Conyers 'not going to be pressured' to resign, attorney says

In this Nov. 1, 2014, file photo, Rep. John Conyers, D-Mich., speaks at Wayne State University in Detroit.PlayAP
WATCH Pelosi calls for Conyers to resign amid sexual harassment allegations

Embattled Rep. John Conyers, D-Mich., is "not going to be pressured" to resign from office after House Minority Leader Nancy Pelosi called on him to step down Thursday over sexual harassment allegations.

"It's not up to Nancy Pelosi. Nancy Pelosi did not elect the congressman, and she sure as hell won't be the one to tell the congressman to leave. That decision will be completely up to the congressman," his attorney, Arnold Reed, said in a news conference Thursday outside Conyers' home in Michigan.

Reed added that Conyers' decision on what to do next would not come today or Friday as he is recovering in the hospital from a stress-related illness.

"He's not thought about that. He's thinking about his health. He's thinking about getting well," Reed said.

Reed said the Conyers family is asking for privacy while the congressman is being treated in the hospital. Conyers was walking around his home and felt lightheaded before being hospitalized, Reed said, adding that Conyers' symptoms included chest pains and dizziness.

Pelosi on Thursday became one of the latest and highest-profile members of Congress to seek his resignation in the aftermath of harassment accusations.

"The allegations against Congressman Conyers, as we have learned more since Sunday, are serious, disappointing and very credible. It's very sad," Pelosi, D-Calif., told reporters during a news conference at the Capitol today. "The brave women who came forward are owed justice. I pray for Congressman Conyers and his family, and wish them well. However, Congressman Conyers should resign."

PHOTO: House Minority Leader Nancy Pelosi (D-CA) holds her weekly news conference in the U.S. Capitol Visitors Center, Nov. 30, 2017, in Washington, D.C.Chip Somodevilla/Getty Images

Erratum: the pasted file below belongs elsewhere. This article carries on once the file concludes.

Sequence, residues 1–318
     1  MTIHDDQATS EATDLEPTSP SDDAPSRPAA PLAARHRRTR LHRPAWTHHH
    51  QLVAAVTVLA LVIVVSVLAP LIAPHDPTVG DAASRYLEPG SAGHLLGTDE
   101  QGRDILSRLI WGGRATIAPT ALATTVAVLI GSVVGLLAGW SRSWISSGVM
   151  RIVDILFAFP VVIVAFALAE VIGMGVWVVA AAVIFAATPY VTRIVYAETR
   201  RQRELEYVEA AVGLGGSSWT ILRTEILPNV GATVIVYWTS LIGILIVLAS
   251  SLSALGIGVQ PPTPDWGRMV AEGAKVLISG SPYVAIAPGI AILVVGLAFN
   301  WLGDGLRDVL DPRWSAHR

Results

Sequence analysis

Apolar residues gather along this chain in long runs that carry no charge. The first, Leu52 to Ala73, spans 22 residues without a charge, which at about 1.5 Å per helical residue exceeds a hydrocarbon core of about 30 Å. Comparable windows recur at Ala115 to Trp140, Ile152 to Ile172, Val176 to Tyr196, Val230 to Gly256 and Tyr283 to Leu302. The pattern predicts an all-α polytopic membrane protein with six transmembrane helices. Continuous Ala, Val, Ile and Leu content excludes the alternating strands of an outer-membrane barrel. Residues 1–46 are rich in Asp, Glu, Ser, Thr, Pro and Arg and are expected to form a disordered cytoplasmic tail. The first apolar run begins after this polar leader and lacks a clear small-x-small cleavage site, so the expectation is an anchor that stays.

House Minority Leader Nancy Pelosi (D-CA) holds her weekly news conference in the U.S. Capitol Visitors Center, Nov. 30, 2017, in Washington, D.C.

"Zero tolerance means consequences for everyone," Pelosi added, reading from a prepared statement. "No matter how great the legacy, it's not license to harass or discriminate. In fact, it makes it even more disappointing."

Less than 30 minutes later, House Speaker Paul Ryan echoed Pelosi, calling on Conyers to resign "immediately."

"As speaker, I just want to say something about this. This needs to be a workplace where everyone feels safe and respected. No woman should have to endure harassment in any form, in any institution, let alone in Congress," Ryan, R-Wis., said. "I think [Conyers] should resign. I think he should resign immediately. I've just been briefed on the torrent of allegations, and I think he should."

Reed and a spokesperson for Conyers confirmed that he was hospitalized overnight.

At least four women have accused Conyers of misconduct while working for him in office; a new accuser went public just this week in The Detroit News. BuzzFeed on Monday reported that his office paid more than $27,000 to a female aide as part of a confidentiality agreement in relation to the complaint. He denies any wrongdoing.

PHOTO: Arnold Reed, an attorney for U.S. Rep John Conyers, makes a statement to the media in front of Conyers family home in Detroit, Nov. 29, 2017. Rebecca Cook/Reuters
Arnold Reed, an attorney for U.S. Rep John Conyers, makes a statement to the media in front of Conyers family home in Detroit, Nov. 29, 2017.

Since the allegations became public, sources close to Conyers have maintained he will not resign, though he has not made an official decision regarding re-election in 2018, despite rumors he will retire.

After the House Ethics Committee opened an investigation into the allegations of harassment and misconduct, Conyers' hometown newspaper The Detroit Free Press and several members of the House Democratic Caucus publicly called for his resignation.

Conyers has not addressed the allegations in public but has denied them through his attorney. On Monday, he stepped down from his post on the House Judiciary Committee, where he is the ranking member.

As the longest-serving member of Congress, he is recognized as the dean of the House of Representatives. He is 88 years old and is in his 27th term, having represented Michigan in the House since 1965.

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